History of Andaman
The history of Andamanis not very well known by many. There is very little information available regarding when and how the first inhabitants came to the island. Some of the earliest archeological evidence that has been documented goes back some 2,200 years. However, various genetic and cultural studies come to the conclusion that the indigenous Andaman people may have developed in complete isolation with rest of the world since the middle Paleolithic (Old Stone Age). During that period, the Andamanese people may have diversified into several distinct linguistic, cultural and territorial groups, known as tribes.
The first empire that claimed its sovereignty over these islands was the Maratha Empire. One of the most influential rulers of the Chola dynasty, RajendraChola, conquered these islands to further base it as a naval base against the Sriwijaya Empire (located in Indonesia).
They referred to these islands as Tinmaittivu or the impure islands. Most of what we know about these islands is from the post-colonial period. The history of organized settlement of Europeans started with the arrival of the Danish settlers of the Danish East India Company on 12 December 1755. It was on 1 January 1756 that these islands were officially made a Danish colony which was at first named New Denmark. However, this colony didn’t last long as most of the then Danish Empire was wiped out by a massive outbreak of Malaria in 1848.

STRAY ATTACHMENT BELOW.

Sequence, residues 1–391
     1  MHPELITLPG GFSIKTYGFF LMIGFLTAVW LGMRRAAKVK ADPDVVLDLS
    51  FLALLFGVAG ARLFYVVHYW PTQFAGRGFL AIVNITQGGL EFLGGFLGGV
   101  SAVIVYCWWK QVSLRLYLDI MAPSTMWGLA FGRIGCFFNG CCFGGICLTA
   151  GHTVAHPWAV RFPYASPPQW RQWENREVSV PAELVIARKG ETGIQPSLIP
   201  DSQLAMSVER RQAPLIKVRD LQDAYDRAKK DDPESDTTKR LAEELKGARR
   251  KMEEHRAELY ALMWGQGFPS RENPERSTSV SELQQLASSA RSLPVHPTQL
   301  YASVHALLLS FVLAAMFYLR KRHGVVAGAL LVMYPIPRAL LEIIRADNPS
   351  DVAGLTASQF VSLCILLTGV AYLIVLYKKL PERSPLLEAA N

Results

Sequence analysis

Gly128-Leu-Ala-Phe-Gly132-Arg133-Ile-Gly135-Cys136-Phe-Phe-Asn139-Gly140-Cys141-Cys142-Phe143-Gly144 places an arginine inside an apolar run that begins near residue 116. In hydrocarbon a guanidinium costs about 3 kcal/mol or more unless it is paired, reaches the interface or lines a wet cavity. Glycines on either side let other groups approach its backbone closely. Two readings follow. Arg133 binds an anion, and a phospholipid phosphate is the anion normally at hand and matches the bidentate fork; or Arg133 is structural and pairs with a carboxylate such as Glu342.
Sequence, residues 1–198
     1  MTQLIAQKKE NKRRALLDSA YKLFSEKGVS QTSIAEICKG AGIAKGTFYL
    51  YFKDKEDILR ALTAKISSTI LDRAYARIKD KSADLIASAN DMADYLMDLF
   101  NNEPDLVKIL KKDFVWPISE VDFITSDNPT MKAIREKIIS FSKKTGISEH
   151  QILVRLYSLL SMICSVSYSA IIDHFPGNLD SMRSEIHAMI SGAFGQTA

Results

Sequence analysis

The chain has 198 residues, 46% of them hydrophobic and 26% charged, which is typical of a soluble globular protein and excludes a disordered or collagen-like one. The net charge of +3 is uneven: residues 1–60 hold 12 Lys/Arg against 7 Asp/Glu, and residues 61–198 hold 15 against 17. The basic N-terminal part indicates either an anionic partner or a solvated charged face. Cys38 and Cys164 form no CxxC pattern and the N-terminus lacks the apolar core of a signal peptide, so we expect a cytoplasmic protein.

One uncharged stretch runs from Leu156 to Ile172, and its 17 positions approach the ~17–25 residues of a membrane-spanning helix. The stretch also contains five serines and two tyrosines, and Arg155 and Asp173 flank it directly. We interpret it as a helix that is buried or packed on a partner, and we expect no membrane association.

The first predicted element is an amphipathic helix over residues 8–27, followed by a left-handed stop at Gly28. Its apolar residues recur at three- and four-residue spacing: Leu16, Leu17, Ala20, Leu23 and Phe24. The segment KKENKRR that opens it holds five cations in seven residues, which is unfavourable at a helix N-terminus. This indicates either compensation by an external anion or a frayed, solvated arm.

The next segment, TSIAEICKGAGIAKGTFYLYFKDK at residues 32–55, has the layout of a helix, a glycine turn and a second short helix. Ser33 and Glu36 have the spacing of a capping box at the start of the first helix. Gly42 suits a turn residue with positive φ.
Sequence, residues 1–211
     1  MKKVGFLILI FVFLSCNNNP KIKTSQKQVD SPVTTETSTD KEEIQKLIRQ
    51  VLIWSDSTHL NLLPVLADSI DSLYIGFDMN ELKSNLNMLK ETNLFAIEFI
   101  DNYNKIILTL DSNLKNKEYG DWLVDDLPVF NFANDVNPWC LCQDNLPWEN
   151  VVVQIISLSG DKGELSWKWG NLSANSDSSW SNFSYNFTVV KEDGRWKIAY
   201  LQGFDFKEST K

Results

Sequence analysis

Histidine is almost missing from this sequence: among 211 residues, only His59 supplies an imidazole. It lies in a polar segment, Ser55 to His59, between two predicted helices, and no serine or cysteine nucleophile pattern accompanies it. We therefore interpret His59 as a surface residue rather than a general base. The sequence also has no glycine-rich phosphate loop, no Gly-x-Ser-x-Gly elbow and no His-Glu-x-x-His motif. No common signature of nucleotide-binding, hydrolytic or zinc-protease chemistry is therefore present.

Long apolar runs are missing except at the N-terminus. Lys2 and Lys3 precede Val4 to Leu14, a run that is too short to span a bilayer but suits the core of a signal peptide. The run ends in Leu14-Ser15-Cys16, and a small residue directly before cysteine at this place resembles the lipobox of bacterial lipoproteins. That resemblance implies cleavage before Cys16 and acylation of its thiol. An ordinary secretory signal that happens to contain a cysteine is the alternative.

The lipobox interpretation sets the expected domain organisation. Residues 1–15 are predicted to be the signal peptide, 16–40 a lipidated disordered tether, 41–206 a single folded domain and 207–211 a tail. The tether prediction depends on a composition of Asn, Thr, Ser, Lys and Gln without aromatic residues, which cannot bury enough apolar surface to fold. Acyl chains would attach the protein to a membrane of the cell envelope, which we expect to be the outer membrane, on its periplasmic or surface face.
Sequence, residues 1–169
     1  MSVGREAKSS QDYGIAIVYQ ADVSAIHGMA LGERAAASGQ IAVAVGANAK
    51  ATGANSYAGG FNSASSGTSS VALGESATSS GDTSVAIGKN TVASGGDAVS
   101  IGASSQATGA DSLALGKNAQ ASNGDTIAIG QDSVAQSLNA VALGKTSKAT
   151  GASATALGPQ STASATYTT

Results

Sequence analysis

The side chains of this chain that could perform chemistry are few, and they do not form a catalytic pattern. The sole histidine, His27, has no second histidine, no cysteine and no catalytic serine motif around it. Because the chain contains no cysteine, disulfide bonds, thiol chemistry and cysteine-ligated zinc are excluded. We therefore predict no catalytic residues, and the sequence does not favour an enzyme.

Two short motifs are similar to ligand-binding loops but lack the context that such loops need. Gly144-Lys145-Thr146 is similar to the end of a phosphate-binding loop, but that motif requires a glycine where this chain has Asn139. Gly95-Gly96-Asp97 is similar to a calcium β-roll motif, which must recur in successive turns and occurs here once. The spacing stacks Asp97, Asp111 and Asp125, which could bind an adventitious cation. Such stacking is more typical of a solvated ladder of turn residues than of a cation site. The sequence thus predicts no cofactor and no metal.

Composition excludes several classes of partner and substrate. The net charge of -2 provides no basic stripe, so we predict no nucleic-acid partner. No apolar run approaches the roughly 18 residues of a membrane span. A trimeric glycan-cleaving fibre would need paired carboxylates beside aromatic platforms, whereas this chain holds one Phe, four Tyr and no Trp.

It was not until the arrival of Britishers that these islands became truly colonized. In 1789, the British established their first colony in these islands. But, this island was abandoned once again in the year 1796, yet, the British regained their control over the island in the 19th century.
During the 19th century, the British used Andaman and Nicobar Islands as penal colony, which was famously known as ‘Kalapani’ or the Cellular jail. History books reveal that the criminals who were convicted of crime against the East India Company were sent to these islands, mostly to serve a life sentence.
The prisoners were forced to live in complete isolation in the Kalapani. As the British rule came to an end and India gained its independence, the ‘Kalapani’ gave way to a band of beautiful islands. Andaman and Nicobar Islands became an integral part of the Indian Union in 1947. Today it is one of the seven union territories governed by India.